Prime Minister, David Cameron, has invited David Lammy MP to ‘find out why official figures show that Black, Asian and Minority Ethnic groups appear to be over represented at most stages of the criminal justice system, and what can be done about it’.
Due to report in Spring 2017, the Lammy Review finds itself circumscribed, as most reviews do, by the terms set by the commissioning minister, and ‘will address issues arising from the Crown Prosecution Service onwards, including the court system, prisons and young offender institutions and rehabilitation in the community'.
The institutions of criminal justice do have a serious problem with an over representation of BAME groups in their ambits, but it is questionable whether developing an evidence-based appreciation of the institutional processes, no matter how thorough, will lead to either a rounded understanding of this disproportionality, or produce strategies for overcoming it.
One would not, for example, look at the operation of NHS hospitals to find out why a disproportionate number of people on low incomes are in hospital beds with serious life shortening illnesses; nor expect an evidenced analysis of how the hospitals operate to have anything other than a very marginal impact on the social characteristics of people who come through the doors.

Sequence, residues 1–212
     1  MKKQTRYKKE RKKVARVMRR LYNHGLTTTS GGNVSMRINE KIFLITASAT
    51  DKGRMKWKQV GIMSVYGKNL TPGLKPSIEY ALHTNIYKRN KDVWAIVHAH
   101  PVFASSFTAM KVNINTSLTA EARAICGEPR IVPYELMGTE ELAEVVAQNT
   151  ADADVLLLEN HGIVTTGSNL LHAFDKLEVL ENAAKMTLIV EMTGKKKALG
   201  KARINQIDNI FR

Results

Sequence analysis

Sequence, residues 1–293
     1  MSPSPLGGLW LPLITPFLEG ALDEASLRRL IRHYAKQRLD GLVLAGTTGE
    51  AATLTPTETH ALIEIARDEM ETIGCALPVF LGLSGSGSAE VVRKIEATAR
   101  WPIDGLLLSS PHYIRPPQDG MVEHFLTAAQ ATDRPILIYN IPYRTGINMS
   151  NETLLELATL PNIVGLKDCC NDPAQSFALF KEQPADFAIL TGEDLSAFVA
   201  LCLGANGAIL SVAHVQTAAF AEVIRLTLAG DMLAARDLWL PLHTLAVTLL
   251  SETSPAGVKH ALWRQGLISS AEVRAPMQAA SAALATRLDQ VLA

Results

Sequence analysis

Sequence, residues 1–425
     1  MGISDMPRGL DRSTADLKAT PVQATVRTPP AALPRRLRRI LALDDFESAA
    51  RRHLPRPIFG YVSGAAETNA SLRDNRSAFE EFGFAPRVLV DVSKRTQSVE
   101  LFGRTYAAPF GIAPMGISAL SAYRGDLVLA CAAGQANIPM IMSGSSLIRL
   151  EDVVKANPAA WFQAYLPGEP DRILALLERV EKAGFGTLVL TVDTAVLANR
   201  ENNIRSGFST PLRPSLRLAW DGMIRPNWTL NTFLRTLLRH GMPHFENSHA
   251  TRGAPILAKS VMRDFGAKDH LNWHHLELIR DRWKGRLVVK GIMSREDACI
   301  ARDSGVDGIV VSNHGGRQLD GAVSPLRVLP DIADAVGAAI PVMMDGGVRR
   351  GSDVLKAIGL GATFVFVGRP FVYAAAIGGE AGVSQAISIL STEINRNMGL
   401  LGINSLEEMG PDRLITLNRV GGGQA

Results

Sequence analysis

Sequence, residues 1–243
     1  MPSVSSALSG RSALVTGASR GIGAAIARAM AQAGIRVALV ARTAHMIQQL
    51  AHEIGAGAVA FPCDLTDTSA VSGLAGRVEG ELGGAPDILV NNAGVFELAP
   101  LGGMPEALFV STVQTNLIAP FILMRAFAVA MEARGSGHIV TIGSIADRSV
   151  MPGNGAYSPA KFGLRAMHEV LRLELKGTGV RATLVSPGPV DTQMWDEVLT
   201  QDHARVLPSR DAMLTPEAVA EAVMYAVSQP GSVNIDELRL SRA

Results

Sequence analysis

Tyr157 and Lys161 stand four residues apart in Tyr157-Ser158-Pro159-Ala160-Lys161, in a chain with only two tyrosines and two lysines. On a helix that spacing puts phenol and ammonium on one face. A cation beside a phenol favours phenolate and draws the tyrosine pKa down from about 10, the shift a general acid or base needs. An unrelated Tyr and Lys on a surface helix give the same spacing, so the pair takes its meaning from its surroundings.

Of course, the harms experienced by patients as a result of being in hospital, such as mistakes made in surgery, lack of care and attention to the vulnerable elderly, or incorrect drug dosage, are worthy of attention, but amelioration would have only a very marginal impact on the type of people present in the wards. Poverty and inequality playing crucial roles in terms of morbidity and mortality, rather than individual behaviours of either patients or hospital staff.
In a similar fashion, while the theme of institutionalised racism and the harm it causes in criminal justice operations is in need of examination, the question of why many BAME groups are disproportionately arrested in the first place – arrest being the crucial gatekeeping process, despite there being no evidence that their behaviours differ from the general population – immediately leads away from an analysis of intra-institutional processes and towards broader social questions.